What I love about self compassion is that you still get the benefits of having a high self-esteem, but it doesn’t matter what everyone else is doing or what anyone else thinks of you. You don’t need to be better than anyone else. You can fail. Life can be hard or you can mess things up. It’s part of life that we all go through hard times and that we all will mess up. But self compassion allows us to say to ourselves “it’s OK”, “I understand”, “everyone feels like this sometimes”, “you’re not a failure because you’ve failed an exam”, “of course you feel like this, it’s so understandable”, “you’re doing the best you can”.

If we can allow ourselves to fail and to mess up, but then be gentle and kind to ourselves about it, we can learn and we can grow. We don’t become paralysed with fear of failure or fear of rejection. When a baby learns to walk we expect it to take a while and for them to fall over hundreds of times. We don’t pick them up and tell them not to bother anymore. And so is life. If we can be kind enough to ourselves that falling down is inevitable and trying again is the way forward then failure stops paralysing us. Self compassion isn’t about striving towards a perfect version of yourself, but about accepting yourself as you are.

How much is your inner critic really interested in your wellbeing? Where does the critical inner voice even come from? Whose voice is it? Maybe someone who judged you harshly when you were younger? A critical parent or teacher? Because if we’re honest, if we had a friend who was highly critical of us and kept saying mean things to us then the wisest thing would be to steer clear of them. And yet we so often allow ourselves to say such things and become so used to it that we don’t even notice how critical we can be to ourselves.

Compassion is about kindness, acceptance and non-judgement. How can you offer these things to yourself? Be kind to yourself because you’re doing the best you can.

“If you want others to be happy, practice compassion. If you want to be happy, practice compassion” – Dalai Lama


Angry Outbursts

Image © Disney

“Anyone can be angry – that is easy. But to be angry with the right person, to the right degree, at the right time, for the right purpose, and in the right way – that is not easy.” – Aristotle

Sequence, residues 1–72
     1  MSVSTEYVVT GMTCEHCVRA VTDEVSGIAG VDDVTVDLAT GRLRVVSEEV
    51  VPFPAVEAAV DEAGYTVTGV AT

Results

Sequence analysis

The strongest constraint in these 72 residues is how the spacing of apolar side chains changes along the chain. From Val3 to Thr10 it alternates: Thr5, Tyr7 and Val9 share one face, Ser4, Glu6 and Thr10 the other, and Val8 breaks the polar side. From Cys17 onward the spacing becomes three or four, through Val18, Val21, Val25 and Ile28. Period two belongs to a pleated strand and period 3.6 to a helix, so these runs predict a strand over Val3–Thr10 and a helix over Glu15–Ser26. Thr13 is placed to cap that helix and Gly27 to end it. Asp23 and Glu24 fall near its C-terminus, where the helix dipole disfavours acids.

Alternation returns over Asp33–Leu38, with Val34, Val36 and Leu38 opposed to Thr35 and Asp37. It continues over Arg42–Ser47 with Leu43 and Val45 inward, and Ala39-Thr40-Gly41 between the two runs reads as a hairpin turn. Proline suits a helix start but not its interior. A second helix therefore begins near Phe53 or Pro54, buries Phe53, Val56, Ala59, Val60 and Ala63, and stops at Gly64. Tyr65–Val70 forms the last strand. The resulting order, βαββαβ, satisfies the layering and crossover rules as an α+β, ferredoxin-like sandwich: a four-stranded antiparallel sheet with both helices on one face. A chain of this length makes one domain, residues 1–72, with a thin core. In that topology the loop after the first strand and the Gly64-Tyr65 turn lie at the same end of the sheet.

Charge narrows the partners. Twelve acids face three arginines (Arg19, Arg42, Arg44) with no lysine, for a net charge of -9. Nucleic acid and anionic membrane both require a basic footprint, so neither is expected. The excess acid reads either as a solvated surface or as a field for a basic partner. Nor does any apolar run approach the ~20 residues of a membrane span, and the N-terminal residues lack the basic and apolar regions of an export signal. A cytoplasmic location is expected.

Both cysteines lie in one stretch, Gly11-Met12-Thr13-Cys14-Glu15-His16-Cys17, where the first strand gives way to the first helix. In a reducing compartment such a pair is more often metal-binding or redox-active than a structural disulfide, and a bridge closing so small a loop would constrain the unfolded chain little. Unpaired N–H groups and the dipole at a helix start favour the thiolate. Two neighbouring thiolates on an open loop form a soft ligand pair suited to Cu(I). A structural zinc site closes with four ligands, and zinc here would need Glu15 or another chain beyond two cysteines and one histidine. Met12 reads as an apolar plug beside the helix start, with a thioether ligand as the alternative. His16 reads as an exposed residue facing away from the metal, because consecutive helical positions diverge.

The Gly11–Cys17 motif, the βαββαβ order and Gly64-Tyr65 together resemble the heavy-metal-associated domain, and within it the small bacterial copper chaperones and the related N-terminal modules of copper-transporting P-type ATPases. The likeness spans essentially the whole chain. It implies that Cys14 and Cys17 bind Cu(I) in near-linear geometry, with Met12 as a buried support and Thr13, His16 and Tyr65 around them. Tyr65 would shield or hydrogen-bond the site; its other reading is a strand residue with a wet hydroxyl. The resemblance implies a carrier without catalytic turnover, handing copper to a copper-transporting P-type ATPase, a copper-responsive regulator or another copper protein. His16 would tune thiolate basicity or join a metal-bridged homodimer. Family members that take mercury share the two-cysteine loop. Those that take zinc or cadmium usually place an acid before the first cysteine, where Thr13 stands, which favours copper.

I’ve had a lot of young people come to see me as a Counsellor whose parents are really worried about their anger issues. But when I ask the young person what is going on in life for them and if there’s anything they’d like to change they say they’re fine. They aren’t ready to do the work and to engage in counselling. Until it is their agenda then they often don’t see their anger as being a problem. It is only a problem for them because Mum or Dad keep telling them it is.

So the idea of this blog is that it is a starting point for those Mums and Dads, but hopefully it will be helpful to others too. In case this doesn’t come across in a blog in the way it would face-to-face, I want to start by saying that I’m saying these things without blame or judgement. It is not your fault that you have a child who has angry outbursts. And I invite you to read this with no guilt, self-blame or judgement. Try to read it with an open mind and take from it what you want to and leave the rest.

What is anger?

Anger is an emotion. An angry outburst is a behaviour. We might want to change the way that we respond when we’re angry, or the way that our child does, but we’re not setting out to get rid of anger because that’s impossible. Anger alerts us to something. When we get angry we have a good reason to be angry. It tells us when we have been hurt or when something isn’t fair. Never being angry would just be weird. So we’re not trying to eradicate it but to express it better.

Anger can be denied and suppressed, openly shown to the person who has affected us, turned on ourselves, turned on someone else or we can deal with the causes.


Firstly, try to see the child behind the behaviour. What is the behaviour trying to communicate? What are they trying to say? What are they experiencing? What’s underneath the anger they’re showing? Anger is sometimes about anger, but often is about something else. Why are they whinging? Why are they smashing things around? What’s going on for them? Underneath it all they might be feeling rejected, scared or feeling vulnerable. They might be hurting. They might want attention. They might feel powerless or may not know how to communicate. Anger is what shows on the outside. But often what we are feeling on the inside is hurt, fear, shame, guilt, sadness, frustration, annoyance, jealousy, loneliness, disappointment.


So often we parent from a place of trying to control our child’s behaviour. An example is something that happened with my youngest son this morning. He woke me up really early this morning with a dinosaur construction kit and an instruction booklet in his hand. Last night he had asked to construct a new dinosaur and I had told him he could when he woke up in the morning. My (still a bit sleepy) response to him was “go back to bed or I won’t make a dinosaur with you.” I was trying to control his behaviour by bargaining with something I knew he wanted. But I could have said “I love how excited you are about building a dinosaur but it isn’t time yet and your body needs more sleep.” Instead of recognising his excitement I wanted him to do what I wanted first. And so often we parent from this place of “if you…. then you can have or do….” or “If you don’t… then I’ll….” Or is it just me?


We all need to feel loved, accepted and connected. It’s not about how well you’re loving them. I expect you’re doing that well. It might involve driving them all over the place and spending lots of time feeding them and planning your life around them. It’s not about how hard you’re trying or how much of your life you dedicate to them. It’s about how loved and connected they feel. This is likely to change over time. You could spend hours a week standing at the skate park watching them go down ramps, but it’s actually that 5 minutes you spent reading a book with them or talking to them about something important to them that made them feel more connected.